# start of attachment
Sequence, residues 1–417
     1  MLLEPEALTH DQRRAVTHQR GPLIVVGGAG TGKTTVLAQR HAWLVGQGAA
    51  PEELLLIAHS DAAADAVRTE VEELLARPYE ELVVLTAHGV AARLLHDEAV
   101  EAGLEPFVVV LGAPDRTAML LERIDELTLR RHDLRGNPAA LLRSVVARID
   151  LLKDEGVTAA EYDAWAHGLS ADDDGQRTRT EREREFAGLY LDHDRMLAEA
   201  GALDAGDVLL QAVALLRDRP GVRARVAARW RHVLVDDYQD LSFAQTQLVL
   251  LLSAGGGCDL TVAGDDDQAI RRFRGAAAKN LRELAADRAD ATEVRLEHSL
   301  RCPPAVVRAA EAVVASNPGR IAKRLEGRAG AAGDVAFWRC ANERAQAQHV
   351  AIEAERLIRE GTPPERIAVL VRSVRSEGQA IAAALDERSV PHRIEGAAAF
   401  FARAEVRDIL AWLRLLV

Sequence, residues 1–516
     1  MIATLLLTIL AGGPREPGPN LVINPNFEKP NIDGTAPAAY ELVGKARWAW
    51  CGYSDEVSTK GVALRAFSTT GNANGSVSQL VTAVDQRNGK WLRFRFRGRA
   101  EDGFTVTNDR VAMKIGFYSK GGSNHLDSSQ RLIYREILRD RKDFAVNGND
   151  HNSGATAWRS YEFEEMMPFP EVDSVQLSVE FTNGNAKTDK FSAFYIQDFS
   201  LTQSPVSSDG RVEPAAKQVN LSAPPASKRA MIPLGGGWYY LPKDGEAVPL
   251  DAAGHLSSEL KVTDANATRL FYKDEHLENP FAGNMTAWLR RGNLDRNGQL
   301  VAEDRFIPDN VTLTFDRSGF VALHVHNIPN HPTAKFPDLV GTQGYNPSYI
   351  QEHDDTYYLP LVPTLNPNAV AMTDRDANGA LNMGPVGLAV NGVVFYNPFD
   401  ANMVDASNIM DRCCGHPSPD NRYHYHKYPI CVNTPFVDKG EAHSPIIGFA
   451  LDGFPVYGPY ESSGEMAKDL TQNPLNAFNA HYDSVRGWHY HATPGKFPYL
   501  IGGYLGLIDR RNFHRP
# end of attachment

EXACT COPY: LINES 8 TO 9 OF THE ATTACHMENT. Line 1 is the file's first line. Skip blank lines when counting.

   301  RCPPAVVRAA EAVVASNPGR IAKRLEGRAG AAGDVAFWRC ANERAQAQHV
   351  AIEAERLIRE GTPPERIAVL VRSVRSEGQA IAAALDERSV PHRIEGAAAF